14 Aià Tñs duváμews aùlou, “To his power." The context and design of St. Paul in this place strongly incline one to take &à here to signify, as it does 2 Pet. i. 3, to, and not by. St. Paul is here making out to the Corinthian converts, that they have a power to judge. He tells them, that they shall judge the world, ver. 2, and that they shall judge angels, much more then things of this life, ver. 3. And for their not judging he blames them, and tells them, it is a lessening to them, not to exercise this power, ver. 7. And for it he gives a reason, in this verse, viz. That Christ is raised up into the power of God, and so shall they be. Unless it be taken in this sense, this verse seems to stand alone here. For what connexion has the mention of the resurrection, in the ordinary sense of this verse, with what the apostle is saying here, but raising us up with bodies to be members of his glorious body, and to partake in his power, in judging the world? This adds a great honour and dignity to our bodies, and is a reason, why we should not debase them into the members of an harlot. These words also give a reason of his saying, "He would not be brought under the power of any thing," ver. 12, viz. "Shall I, whose body is a member of Christ, and shall be raised to the power he has now in heaven, suffer my body to be a member, and under the power of an harlot? That I will never do, let fornication in itself be ever so lawful." If this be not the meaning of St. Paul here, I desire to know, to what purpose it is, that he so expressly declares, that the belly and meat shall be destroyed, and does so manifestly put an opposition between the body and the belly? ver. 13.
19 What! know ye not, that your body is the temple of the Holy Ghost, which is in you, which ye have of God, and ye are not your
20 For ye are bought with a price: therefore, glorify God in your body and in your spirit, which are God's.
that respect, as if they were done out of the body; the body is not debased, suffers no loss of its dignity by them: but he, who committeth fornication, sinneth against the end for which his body was made, degrading his body from the dignity and honour it was designed to; making that the member of an harlot, which was made to be a member of Christ. 19 What! know ye not', that your body is the temple of the
Holy Ghost, that is in you, which body you have from God, 20 and so it is not your own, to bestow on harlots? Besides, ye are bought with a price, viz. the precious blood of Christ and therefore, are not at your own disposal: but are bound to glorify God with both body and soul. For both body and soul are from him, and are God's.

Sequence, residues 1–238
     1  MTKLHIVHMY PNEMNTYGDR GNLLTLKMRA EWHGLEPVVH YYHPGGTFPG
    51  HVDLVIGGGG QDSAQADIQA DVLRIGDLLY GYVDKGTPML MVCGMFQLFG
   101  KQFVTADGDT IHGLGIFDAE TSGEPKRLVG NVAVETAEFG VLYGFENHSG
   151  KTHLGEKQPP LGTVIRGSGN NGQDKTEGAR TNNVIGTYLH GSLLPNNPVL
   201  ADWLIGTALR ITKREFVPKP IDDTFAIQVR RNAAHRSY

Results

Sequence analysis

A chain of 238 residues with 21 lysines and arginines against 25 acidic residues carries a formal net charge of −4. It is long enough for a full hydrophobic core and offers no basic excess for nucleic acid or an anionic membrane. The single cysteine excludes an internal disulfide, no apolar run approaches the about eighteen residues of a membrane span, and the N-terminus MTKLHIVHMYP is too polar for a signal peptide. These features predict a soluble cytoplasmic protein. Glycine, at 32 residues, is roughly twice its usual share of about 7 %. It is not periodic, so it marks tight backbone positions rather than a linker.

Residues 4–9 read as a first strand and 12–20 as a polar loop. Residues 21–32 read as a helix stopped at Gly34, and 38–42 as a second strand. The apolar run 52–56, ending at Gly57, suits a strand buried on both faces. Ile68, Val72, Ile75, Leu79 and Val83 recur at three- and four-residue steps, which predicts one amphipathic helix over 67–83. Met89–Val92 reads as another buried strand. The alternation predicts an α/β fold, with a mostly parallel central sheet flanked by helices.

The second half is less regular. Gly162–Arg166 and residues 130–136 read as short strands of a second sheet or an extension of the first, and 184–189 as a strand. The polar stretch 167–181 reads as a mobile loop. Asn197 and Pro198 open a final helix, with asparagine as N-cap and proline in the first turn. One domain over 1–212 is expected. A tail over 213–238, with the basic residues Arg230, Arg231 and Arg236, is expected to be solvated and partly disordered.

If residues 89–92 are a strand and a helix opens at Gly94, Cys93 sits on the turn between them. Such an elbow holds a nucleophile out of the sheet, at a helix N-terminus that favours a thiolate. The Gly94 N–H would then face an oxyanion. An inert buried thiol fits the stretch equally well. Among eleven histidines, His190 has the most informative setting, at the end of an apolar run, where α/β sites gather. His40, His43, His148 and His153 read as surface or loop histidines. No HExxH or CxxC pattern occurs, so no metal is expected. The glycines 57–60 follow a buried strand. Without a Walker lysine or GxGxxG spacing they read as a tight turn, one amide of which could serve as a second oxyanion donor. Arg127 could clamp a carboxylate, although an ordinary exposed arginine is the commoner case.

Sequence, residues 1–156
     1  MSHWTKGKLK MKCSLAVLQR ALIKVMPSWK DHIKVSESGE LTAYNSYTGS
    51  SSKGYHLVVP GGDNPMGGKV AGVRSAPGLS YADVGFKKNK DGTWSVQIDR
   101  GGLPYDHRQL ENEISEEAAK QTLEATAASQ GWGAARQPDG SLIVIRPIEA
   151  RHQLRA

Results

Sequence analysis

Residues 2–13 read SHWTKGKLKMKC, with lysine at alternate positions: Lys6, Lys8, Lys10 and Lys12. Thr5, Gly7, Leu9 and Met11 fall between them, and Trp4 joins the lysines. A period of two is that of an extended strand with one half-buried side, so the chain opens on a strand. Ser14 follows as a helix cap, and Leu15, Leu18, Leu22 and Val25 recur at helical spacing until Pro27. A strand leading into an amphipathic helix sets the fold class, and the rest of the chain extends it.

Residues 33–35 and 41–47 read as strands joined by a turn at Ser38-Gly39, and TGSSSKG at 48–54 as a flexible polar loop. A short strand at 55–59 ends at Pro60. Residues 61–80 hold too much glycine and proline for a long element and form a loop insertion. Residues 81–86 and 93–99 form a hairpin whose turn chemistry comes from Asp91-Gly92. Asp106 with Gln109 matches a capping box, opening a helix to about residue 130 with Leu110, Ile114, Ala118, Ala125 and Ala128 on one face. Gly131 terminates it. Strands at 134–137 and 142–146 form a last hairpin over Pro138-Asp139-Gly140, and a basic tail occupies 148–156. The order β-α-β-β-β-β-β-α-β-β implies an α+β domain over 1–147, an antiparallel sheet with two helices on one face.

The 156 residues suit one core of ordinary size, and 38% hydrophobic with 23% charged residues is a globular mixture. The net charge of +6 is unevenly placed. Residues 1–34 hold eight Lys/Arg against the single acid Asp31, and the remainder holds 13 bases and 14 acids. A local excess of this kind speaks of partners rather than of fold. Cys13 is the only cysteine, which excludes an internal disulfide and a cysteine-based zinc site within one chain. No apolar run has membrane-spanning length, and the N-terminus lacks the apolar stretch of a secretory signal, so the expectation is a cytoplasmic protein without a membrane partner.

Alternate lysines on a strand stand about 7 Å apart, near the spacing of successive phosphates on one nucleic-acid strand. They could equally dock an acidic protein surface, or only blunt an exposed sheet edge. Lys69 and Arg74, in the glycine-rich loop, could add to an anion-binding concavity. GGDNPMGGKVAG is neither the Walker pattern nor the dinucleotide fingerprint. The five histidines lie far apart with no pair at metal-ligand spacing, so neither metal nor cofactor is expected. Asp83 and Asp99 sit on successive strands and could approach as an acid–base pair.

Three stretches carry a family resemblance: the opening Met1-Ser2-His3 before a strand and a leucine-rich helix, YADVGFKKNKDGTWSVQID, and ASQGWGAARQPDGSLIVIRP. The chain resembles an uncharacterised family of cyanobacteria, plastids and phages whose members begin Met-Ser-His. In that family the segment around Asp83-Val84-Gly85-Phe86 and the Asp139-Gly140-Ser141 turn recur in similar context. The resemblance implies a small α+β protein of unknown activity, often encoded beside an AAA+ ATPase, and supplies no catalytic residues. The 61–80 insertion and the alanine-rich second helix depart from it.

19 t This question, "Know ye not ?" is repeated six times in this one chapter, which may seem to carry with it a just reproach to the Corinthians, who had got a new and better instructor than himself, in whom they so much gloried, and may not unfitly be thought to set on his irony, ch. iv. 10, where he tells them, they are wise.
CHAPTER VII. 1-40
THE chief business of the foregoing chapters, we have seen to be the lessening the false apostle's credit, and the extinguishing that faction. What follows, is in answer to some questions they had proposed to St. Paul. This section contains conjugal matters, wherein he dissuades from marriage those, who have the gift of continence. But, marriage being appointed as a remedy against fornication, those, who cannot forbear, should marry, and render to each other due benevolence. Next, he
teaches that converts ought not to forsake their unconverted mates, insomuch as Christianity changes nothing in men's civil estate, but leaves them under the same obligations they were tied by before. And last of all, he gives directions about marrying, or not marrying, their daughters.
1 Now concerning the things, whereof ye wrote unto me: it is good for a man not to touch a woman.
2 Nevertheless, to avoid fornication, let every man have his own wife, and let every woman have her own husband.
3 Let the husband render unto the wife due benevolence and likewise, also, the wife unto the husband.
4 The wife hath not power of her own body, but the husband: and likewise, also, the husband hath not power of his own body, but the wife. 5 Defraud you not one the other, except it be with consent, for a time, that ye may give yourselves to fasting and prayer: and come together again, that Satan tempt you not for your incontinency.
1 Concerning those things that ye have writ to me about, I answer, it is most convenient not to have to do with a woman. 2 But because every one cannot forbear, therefore, they that cannot contain should, both men and women, each have their own peculiar husband and wife, to avoid fornication. 3 And those that are married, for the same reason, are to regulate themselves by the disposition and exigency of their respective mates; and, therefore, let the husband render to the wife that benevolence, which is her due; and so, likewise, the wife to the husband, "vice versâ." For the wife has not the power or dominion over her own body, to refuse the husband, when he desires: but this power and right to her body is in the husband. And, on the other side, the husband has not the power and dominion over his own body, to refuse his wife, when she shows an inclination; but this power and 5 right to his body, when she has occasion, is in the wife". Do not, in this matter, be wanting, one to another, unless it be by mutual consent, for a short time, that you may wholly attend
3 Evora, “Benevolence,” signifies here that complaisance and compliance, which every married couple ought to have for each other, when either of them shows an inclination to conjugal enjoyments.
4 The woman (who in all other rights is inferior) has here the same power given her over the man's body, that the man has over hers. The reason whereof is plain because if she had not her man, when she had need of him, as well as the man his woman, when he had need of her, marriage would be no remedy against fornication.